My Hero Academia Season 3 – Mid Series Anime Review

Synopsis: In a world where eighty percent of the population has some kind of super-powered “quirk,” Izuku was unlucky enough to be born completely normal. But that won’t stop him from enrolling in a prestigious hero academy. Now, the promising freshman class is making its debut at the world-renowned U.A. Sports Festival! It’s Quirk versus Quirk as our young heroes face off in the ultimate showdown. (Official Funimation Synopsis.)

I think Midoriya has a secret admirer!

Mid Series (12 Episodes) Review (Warning: Some Spoilers to Follow):

My Hero Academia’s 3rd season is much as all the others, generally strong animation, plenty of enjoyable character moments and a slew of developments catapulting Midoriya and Co. into a new age of Heroism as the Villains of Academia gradually continue to regroup and resurface. All that said, there are places where this 3rd season stumbles a tad, in ways absent from past entries in this adaptation of the hit manga.

While the series often looks good, and accurately adapts the manga’s artwork without losing too much detail or personality, the anime fails to do great justice to one of the story’s biggest moments, with faltering artwork mid season during the biggest clash between good and evil in the series. While the really important moments still look solid, plenty of animation surrounding them feels off-model, low detail and unable to keep up with the incredible art the manga used to depict one of its highest of highs.

When your friends are being extra but you’re just not feeling it.

 

Delving beneath the surface the anime doesn’t manage to do much better than the manga has at balancing Academia’s overwhelming cast of characters. This current arc has a heavy refocus on Midoriya and All Might, putting both characters center stage for some of the series’ best work with either. But Academia has a character problem, and the anime even recognizes it, as every episode is littered with text on screen reminding us of who every character is and what their quirk is called, clearly aware that more casual fans of the series have little to no hope of remembering every single character that’s appeared on screen, especially as more and more get added. Aware that fans tend to latch onto many of these smaller characters for little more reason than “they look cool” or “seem heroic, funny, etc.” each has to have a chance to shine and that means the expanded characters that aren’t part of the center stage (like Midoriya, Bakugo, Todoroki and All Might) each need a cool moment or two to show their stuff. While Season 2 expanded upon some of the work-place experience training, giving audience favorites a chance to be in the spotlight, Season 3 ops for less filler here, stepping over quite a few opportunities to give these characters greater focus, leaving much of their screen time to quick sequences where they tackle a villain or two, which each end so abruptly that not much really comes of any of the confrontations. It’s not a major flaw, but for a manga that already keeps itself taunt to the point where its story arcs are far shorter than many of the other long running beloved shonen, some expansion on character focus wouldn’t hurt and might actually be welcome compared to the absurd levels of filler seen in the original Dragon Ball Z run.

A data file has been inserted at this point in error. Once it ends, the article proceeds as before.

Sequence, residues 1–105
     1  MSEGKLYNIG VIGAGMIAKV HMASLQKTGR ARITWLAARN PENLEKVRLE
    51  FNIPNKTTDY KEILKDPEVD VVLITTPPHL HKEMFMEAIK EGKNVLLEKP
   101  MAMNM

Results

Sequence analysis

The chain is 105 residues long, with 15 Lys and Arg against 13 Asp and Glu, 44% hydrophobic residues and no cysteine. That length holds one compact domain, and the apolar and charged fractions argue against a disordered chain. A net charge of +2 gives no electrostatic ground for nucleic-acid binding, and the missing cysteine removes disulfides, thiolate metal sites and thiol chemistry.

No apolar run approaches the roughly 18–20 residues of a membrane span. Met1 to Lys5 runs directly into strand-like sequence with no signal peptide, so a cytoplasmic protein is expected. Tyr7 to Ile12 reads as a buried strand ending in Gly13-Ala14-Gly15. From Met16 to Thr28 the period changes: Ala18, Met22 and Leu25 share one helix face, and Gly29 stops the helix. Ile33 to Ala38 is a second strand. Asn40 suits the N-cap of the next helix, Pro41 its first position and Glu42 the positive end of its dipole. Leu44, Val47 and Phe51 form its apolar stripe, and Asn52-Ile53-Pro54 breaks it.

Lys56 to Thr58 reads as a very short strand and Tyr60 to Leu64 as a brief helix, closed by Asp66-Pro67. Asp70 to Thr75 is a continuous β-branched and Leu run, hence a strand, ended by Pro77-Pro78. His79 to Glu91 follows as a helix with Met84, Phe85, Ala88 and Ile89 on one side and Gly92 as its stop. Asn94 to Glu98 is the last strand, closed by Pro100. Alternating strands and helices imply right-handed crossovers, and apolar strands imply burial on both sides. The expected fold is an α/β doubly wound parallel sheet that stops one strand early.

When you get way more than you ever asked or even wanted.

 

Despite missing opportunities here or there, the anime does indeed expand on some moments, fleshing out sequences the manga skirted right over. Early on in the season Midoriya and Co. are sent to summer camp, and must rush across woods filled with deadly creations by one of their summer mentors. The manga skips past this, making it a mere footnote in the arc. The anime takes the perfect opportunity to build on this moment and expand it into a visual showcase that works wonders. More of that would’ve definitely been welcome.

Still, Academia moves faster than many other shonen, cramming larger developments and arcs into a handful of chapters compared to other leading series (save Black Clover). Even with the anime’s additions the pacing is on point, with episodes generally flying by with plenty of things happening. You don’t end up with too many episodes stalling for time, or stretching things out, even when there’s the opportunity to exploit that.

You say training, I see torture.

 

Ultimately for whatever quibbles I have with it, My Hero Academia Season 3 is still one of the best anime Spring 2018 had to offer, and will likely remain a strong series going into the Summer. It’s still a great series for teen and young adult audiences, and the greater focus on Midoriya and All Might during this first half helped to catapult the story into a new direction, where it feels like consequences are starting to build and take hold, potentially crafting a more turbulent time for our budding heroes.

Recommended: My Hero Academia Season 3 suffers a few pitfalls in animation and missed opportunity, but by and larger continues to adapt this hugely popular manga with plenty of style and flair.

 

 

My Hero Academia Season 3 is available for streaming via Crunchyroll.com, and has a simuldub at Funimation.com.

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